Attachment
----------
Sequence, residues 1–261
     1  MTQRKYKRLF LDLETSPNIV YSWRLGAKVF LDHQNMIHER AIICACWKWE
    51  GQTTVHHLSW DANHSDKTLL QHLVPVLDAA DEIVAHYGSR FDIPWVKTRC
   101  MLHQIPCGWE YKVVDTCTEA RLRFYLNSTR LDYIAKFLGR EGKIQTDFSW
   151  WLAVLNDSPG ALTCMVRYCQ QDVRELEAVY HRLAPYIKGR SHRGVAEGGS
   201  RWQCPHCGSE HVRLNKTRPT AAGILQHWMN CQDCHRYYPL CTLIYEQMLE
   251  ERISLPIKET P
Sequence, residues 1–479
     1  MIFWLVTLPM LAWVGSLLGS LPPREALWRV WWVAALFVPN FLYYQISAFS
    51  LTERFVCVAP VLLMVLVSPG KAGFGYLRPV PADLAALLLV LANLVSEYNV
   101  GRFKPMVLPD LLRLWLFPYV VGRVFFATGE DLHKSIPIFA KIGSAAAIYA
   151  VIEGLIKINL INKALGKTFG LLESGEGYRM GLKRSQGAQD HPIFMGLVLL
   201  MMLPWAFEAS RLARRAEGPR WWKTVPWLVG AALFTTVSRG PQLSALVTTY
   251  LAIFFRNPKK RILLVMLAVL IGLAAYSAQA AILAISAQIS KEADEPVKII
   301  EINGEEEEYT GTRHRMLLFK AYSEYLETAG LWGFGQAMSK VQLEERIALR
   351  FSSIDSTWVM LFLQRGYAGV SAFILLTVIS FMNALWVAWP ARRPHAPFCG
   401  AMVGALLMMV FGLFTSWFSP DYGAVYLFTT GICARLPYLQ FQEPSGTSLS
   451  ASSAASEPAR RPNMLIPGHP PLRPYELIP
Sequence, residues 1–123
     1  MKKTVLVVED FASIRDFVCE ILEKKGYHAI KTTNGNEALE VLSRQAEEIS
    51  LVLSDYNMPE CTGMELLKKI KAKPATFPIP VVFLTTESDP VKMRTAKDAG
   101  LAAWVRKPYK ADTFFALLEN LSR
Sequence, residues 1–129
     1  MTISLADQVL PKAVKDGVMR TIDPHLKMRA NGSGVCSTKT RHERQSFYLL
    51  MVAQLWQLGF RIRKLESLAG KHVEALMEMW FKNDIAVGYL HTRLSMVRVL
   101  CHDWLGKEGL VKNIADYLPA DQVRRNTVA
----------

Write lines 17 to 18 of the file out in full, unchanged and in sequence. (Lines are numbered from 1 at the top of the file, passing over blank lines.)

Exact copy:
   401  AMVGALLMMV FGLFTSWFSP DYGAVYLFTT GICARLPYLQ FQEPSGTSLS
   451  ASSAASEPAR RPNMLIPGHP PLRPYELIP